Friday, September 4, 2015

Today by Nick Feik

By the numbers
Stopping the boats is not enough to save Syrian refugees

© Mustafa Khayat

Anyone near the internet over the past two days would have seen the shocking photographs of the corpse of a three-year-old boy washed ashore in a Turkish resort town. The boy was one of the thousands of Syrians fleeing to Europe, and the images, illustrating the danger of their plight, have captured the world’s attention.

Europe is experiencing the most serious refugee crisis since World War Two, and its leaders are struggling to deal with it.

In an editorial, the New York Times addressed the situation this way: “Some European officials may be tempted to adopt the hard-line approach Australia has used to stem a similar tide of migrants. That would be unconscionable.”

It said that Australia’s border protection regime is inhumane, of dubious legality, and ruthlessly effective. (The editorial was widely shared among Australians, almost as if the international opprobrium confirmed something we only suspected before, or that the view of a foreign newspaper’s editorial board was worth so much more than our own, and worth more than international laws or human rights treaties.)

Thankfully, the French president, François Hollande, and the German chancellor, Angela Merkel, have fought the temptation to be more like Australia. They agreed in principle yesterday on a refugee distribution quota – they accept that thousands more refugees will arrive, and that these refugees need to be assisted, but argue that the burden must be shared not just among a few European nations.

Europe must help solve the refugee crisis with “fairness and solidarity”, Merkel stated, while emphasising that Germany was ready to take on more asylum seekers than other European Union countries.

Australian cabinet minister Barnaby Joyce, speaking this morning, said he was in favour of Australia accepting extra Syrian refugees, provided it was done through “proper and legitimate channels”.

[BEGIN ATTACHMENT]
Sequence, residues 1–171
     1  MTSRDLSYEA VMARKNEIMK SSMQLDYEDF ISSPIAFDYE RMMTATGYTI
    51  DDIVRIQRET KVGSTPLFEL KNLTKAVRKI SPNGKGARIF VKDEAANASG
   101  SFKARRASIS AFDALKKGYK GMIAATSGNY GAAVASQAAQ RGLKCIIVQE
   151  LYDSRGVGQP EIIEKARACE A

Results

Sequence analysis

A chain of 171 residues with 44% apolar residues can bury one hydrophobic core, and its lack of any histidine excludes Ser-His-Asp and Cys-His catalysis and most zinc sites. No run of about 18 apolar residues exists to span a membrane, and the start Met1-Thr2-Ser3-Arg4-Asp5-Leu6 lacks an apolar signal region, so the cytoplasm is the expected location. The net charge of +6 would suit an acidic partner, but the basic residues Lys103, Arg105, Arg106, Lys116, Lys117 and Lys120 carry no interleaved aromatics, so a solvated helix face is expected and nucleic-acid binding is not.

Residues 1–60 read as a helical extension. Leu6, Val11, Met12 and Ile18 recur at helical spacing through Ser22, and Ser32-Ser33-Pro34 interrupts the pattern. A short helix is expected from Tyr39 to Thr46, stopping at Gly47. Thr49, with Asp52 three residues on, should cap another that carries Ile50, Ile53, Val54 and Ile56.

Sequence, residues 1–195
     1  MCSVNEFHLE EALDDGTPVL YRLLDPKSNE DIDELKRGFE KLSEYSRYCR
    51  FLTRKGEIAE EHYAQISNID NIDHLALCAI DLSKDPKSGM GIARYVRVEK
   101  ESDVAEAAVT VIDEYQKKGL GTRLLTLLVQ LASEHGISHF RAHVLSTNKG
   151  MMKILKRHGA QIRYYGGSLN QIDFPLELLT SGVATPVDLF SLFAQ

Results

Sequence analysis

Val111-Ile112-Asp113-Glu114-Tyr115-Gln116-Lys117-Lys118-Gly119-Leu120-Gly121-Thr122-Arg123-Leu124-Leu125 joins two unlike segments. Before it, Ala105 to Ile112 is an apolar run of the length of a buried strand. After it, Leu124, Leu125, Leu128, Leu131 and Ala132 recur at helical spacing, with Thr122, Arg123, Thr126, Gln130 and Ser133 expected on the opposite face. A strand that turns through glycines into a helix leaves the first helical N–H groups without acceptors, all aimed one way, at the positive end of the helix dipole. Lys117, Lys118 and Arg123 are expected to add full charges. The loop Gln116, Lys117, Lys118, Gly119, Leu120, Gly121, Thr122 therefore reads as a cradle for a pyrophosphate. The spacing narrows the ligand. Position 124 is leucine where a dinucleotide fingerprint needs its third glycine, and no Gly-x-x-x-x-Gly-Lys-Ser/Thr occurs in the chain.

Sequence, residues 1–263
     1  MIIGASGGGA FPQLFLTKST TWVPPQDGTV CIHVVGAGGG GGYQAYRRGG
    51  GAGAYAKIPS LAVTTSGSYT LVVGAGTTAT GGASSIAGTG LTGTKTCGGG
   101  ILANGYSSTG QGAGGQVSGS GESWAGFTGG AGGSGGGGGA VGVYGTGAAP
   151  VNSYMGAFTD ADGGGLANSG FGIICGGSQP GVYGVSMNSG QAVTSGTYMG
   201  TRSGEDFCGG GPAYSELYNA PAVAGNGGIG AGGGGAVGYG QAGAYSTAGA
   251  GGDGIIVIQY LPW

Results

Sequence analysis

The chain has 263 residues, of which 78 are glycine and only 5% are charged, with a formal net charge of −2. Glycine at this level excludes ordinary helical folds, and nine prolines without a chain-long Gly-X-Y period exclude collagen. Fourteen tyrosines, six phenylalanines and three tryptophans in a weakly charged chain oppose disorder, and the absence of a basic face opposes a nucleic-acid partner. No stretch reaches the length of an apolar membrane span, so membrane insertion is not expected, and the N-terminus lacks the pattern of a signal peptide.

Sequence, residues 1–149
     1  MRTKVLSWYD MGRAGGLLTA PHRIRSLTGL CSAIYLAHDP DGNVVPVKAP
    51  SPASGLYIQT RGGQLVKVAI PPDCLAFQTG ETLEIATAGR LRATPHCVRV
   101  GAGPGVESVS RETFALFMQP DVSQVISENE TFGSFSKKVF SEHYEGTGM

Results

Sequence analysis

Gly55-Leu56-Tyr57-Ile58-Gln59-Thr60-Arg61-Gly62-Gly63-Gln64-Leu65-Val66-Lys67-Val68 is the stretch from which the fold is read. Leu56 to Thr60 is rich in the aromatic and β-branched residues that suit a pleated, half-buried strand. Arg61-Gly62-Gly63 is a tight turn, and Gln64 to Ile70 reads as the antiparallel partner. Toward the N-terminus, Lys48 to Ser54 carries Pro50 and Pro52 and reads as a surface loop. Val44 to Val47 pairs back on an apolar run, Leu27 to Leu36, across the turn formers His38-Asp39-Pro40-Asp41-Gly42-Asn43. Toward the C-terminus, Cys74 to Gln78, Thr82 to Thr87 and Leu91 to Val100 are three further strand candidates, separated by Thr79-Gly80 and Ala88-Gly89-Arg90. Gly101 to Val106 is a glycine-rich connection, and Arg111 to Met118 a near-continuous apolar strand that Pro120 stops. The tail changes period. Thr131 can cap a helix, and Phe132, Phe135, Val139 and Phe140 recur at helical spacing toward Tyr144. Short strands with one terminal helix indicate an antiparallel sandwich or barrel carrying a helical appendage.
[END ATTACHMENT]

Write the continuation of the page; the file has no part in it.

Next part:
He expressed sympathy for their plight: “As an accountant myself, when you see an accountant walking across the border into Hungary from Syria when his life has been destroyed, I feel a sense of empathy for him.”

An accountant might explain the situation like this: Australia commits to taking 1500 Syrian refugees per year; there are currently approximately 4.6 million around the world.

Perhaps there is hope that the Australian government will follow France and Germany’s lead and begin to assist in global efforts to resettle refugees, as it did following World War Two  and the Vietnam War. Any chance?

When Tony Abbott was asked for his response to the Syrian refugee crisis, and the images of the drowned boy, he replied as he often does, “If you want to stop the deaths, if you want to stop the drownings you have got to stop the boats.” Abbott’s argument is that if Australia stops boats from arriving in Australia, the lives of refugees will be saved. But let’s put it in numerical terms: If Australia helps settle virtually zero Syrian refugees, through any resettlement process, there will still be almost 4.6 million Syrian refugees whose lives are in peril. Tony Abbott, as we know, is not an accountant.

Today’s links

Nick Feik

Nick Feik is the editor of The Monthly.



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